Along the Tracks

Wednesday, October 02, 2002

Jersey shuffle

All right, let me see if I’ve got this. In New Jersey, the Democrats are arguing that, since their candidate turned out to be a poor nominee (Robert Torricelli) and was likely to lose, they should be allowed to scratch his name from the ballot and replace it with someone (Frank Lautenberg) who has a better shot at winning - not to mention, previous name recognition as a former senator and a hefty personal fortune to spend campaigning. All this is to be done not according to the state’s election laws, but unapologetically in violation of them. “Democracy trumps legal issues” is their motto - at least in Jersey, where it suits them.

First, those “legal issues” - also known as “the law” - are impartial as to party or candidate, precisely to avoid last-minute manipulations which the Democrats are now attempting.

Second, those “legal issues” - also known as “the law” - arise not from some distant dictator's lips but from a process in which the people of New Jersey vote for representatives and those representatives then debate “legal issues” and decide to codify standards which best serve the people of New Jersey. This process is known as “democracy.”

If the Democrats’ argument sounds eerily similar to the Florida 2000 debacle, that’s because it is. Democrats don’t want anything so “arbitrary” and “rigid” as “legal issues” - also known as “the law” - standing in the way of their favored candidates taking power. In Florida, Democrats sued to perform multiple recounts, rather than the single recount specified in Florida law; they sued to extend the certification deadline, despite the clear limits set in Florida law; and they sought to redefine what counts as a “vote,” also despite the clear specifications of Florida law. In the Sunshine State, Democrats found a state Supreme Court fully loaded and willing to give them “the benefit of the doubt” - all of Florida’s justices were Democrats. Thus, the law was consistently twisted and stretched and finally, just tossed aside. That’s when the Bush team took the issue to the Supreme Court, where sanity was restored.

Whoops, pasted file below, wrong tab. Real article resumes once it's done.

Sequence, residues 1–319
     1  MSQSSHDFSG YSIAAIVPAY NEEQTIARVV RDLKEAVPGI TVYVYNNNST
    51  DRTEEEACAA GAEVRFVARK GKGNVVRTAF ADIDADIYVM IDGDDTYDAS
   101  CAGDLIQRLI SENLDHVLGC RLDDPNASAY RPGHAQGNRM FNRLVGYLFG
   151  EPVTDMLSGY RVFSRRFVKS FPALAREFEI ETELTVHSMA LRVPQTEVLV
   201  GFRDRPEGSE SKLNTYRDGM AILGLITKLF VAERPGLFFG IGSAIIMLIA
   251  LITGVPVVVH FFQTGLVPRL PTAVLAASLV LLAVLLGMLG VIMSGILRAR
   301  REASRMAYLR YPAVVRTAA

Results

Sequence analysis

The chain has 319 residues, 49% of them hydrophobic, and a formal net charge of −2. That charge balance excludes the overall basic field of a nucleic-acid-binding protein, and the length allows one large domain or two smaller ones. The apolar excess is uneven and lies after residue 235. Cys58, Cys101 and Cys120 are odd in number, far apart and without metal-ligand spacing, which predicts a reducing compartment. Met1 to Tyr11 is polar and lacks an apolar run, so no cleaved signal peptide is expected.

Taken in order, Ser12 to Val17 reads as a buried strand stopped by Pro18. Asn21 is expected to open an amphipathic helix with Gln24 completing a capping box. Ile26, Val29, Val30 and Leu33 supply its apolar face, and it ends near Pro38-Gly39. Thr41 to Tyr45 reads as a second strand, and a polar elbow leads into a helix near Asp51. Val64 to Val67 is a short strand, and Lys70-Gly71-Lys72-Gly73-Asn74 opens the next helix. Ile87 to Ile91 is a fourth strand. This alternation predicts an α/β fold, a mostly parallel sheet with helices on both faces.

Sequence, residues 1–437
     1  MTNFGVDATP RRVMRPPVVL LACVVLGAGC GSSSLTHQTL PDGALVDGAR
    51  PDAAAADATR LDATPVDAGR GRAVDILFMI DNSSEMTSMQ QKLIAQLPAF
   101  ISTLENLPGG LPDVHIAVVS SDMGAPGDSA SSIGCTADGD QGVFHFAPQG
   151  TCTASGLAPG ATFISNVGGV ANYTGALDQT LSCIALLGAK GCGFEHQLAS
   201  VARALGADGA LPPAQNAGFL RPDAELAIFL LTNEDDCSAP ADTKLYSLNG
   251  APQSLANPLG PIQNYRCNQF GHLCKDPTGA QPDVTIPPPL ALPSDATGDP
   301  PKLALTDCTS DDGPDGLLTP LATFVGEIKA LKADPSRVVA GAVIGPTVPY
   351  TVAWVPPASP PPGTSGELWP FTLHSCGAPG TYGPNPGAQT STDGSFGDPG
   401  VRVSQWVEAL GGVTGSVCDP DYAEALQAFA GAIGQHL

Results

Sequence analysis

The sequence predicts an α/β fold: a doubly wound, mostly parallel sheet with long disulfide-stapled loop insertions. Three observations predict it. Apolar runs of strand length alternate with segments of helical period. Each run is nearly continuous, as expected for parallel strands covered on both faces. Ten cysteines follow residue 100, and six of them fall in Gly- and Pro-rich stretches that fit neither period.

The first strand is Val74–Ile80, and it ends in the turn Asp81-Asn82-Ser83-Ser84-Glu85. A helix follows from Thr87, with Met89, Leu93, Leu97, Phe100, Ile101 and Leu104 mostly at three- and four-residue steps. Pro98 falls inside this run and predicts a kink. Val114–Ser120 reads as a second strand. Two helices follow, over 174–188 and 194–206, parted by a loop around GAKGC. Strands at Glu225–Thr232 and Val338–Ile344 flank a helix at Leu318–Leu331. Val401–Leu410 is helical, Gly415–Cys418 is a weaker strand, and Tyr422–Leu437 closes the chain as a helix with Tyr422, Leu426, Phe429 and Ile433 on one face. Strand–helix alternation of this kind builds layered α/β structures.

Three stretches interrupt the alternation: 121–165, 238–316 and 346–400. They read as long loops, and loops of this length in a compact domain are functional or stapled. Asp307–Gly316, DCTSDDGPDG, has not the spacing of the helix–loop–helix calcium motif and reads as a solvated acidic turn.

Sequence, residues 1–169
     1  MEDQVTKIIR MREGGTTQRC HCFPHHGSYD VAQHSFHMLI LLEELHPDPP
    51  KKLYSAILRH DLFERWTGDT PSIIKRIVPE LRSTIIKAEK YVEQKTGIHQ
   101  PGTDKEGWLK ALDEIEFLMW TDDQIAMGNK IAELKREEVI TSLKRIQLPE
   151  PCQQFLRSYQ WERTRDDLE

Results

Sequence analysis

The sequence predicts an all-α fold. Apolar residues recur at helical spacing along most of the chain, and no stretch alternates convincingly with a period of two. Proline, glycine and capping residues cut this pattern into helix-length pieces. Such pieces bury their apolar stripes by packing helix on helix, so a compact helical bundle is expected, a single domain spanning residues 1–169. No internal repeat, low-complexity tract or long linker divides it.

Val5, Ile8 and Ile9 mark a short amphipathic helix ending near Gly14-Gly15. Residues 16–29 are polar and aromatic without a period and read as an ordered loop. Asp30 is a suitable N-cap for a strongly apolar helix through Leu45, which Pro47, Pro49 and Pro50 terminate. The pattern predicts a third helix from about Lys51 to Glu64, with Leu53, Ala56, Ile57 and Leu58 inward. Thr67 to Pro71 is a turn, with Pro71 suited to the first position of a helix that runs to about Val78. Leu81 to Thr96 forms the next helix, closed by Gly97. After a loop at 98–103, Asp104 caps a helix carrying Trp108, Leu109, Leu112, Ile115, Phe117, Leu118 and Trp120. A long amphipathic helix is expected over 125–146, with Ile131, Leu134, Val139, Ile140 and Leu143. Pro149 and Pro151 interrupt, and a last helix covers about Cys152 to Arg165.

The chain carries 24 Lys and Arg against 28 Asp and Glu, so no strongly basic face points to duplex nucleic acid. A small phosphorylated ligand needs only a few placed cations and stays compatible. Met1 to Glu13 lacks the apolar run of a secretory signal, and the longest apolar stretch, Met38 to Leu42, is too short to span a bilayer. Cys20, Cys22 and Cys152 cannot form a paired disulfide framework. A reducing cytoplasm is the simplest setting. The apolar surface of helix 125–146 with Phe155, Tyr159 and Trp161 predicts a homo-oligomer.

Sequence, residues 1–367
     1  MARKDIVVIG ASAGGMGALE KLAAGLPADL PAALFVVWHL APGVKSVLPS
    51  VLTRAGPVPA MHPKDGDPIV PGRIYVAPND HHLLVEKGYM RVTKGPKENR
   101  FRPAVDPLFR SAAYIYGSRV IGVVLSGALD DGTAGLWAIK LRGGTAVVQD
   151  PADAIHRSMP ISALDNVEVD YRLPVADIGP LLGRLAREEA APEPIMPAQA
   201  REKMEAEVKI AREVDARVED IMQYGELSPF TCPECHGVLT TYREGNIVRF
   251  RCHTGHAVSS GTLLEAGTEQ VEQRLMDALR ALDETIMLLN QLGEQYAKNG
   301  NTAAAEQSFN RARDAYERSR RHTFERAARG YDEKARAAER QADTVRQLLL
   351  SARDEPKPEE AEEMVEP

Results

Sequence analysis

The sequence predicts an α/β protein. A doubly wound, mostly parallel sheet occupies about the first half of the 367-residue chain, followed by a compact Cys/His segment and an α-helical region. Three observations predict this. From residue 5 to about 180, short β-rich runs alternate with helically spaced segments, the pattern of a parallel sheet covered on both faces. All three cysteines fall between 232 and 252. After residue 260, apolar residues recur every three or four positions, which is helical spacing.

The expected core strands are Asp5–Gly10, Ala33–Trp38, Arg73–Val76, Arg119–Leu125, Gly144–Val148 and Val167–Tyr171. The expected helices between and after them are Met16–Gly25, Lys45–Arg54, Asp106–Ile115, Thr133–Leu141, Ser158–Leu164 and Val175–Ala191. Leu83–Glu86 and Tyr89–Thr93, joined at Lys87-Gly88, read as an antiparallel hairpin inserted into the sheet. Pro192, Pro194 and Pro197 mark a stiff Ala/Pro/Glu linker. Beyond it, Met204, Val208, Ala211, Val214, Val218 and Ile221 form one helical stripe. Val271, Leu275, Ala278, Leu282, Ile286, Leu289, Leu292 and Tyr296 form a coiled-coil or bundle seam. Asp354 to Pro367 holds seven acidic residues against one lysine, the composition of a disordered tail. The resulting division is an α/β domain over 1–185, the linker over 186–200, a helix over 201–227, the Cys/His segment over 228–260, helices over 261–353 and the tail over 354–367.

This whole Democratic argument, if successful, could quite easily be turned against them - this year. On the opposite coast, Republican Bill Simon is foundering in his campaign against the highly-unpopular incumbent Gray Davis, in the California governor’s race. Scuttlebutt out west indicates The Terminator, Arnold Schwartzenegger, who happens to be a Republican, is at least mulling stepping into the election as a write-in candidate - still an option according to California law. Opinion polls indicate Schwartzenegger would become the instant favorite. Still, write-ins are always uphill battles, and “Conan the Barbarian” might end up splitting the GOP vote with Simon.

So, here’s an idea: If the Jersey shuffle goes down, why shouldn’t the California GOP dump Simon and get Ahhhhnold on the ballot with the party name instead? After all, the same “extenuating circumstances” that Democrats are citing in NJ apply in California: Simon has a scandal taint and, more importantly, he’s losing.

Come on, give the people a choice!

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